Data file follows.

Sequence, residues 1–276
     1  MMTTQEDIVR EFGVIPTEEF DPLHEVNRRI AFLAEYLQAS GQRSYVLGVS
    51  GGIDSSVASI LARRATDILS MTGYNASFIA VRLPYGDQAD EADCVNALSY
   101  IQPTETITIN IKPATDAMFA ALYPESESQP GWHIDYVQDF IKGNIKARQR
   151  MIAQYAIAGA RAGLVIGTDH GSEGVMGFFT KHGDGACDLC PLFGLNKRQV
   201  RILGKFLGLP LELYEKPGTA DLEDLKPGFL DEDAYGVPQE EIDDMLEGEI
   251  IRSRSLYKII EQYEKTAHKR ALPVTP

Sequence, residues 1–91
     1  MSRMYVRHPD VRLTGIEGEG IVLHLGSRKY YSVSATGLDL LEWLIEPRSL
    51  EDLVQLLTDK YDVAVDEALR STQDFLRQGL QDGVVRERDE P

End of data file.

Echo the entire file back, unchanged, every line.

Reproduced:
Sequence, residues 1–276
     1  MMTTQEDIVR EFGVIPTEEF DPLHEVNRRI AFLAEYLQAS GQRSYVLGVS
    51  GGIDSSVASI LARRATDILS MTGYNASFIA VRLPYGDQAD EADCVNALSY
   101  IQPTETITIN IKPATDAMFA ALYPESESQP GWHIDYVQDF IKGNIKARQR
   151  MIAQYAIAGA RAGLVIGTDH GSEGVMGFFT KHGDGACDLC PLFGLNKRQV
   201  RILGKFLGLP LELYEKPGTA DLEDLKPGFL DEDAYGVPQE EIDDMLEGEI
   251  IRSRSLYKII EQYEKTAHKR ALPVTP

Sequence, residues 1–91
     1  MSRMYVRHPD VRLTGIEGEG IVLHLGSRKY YSVSATGLDL LEWLIEPRSL
    51  EDLVQLLTDK YDVAVDEALR STQDFLRQGL QDGVVRERDE P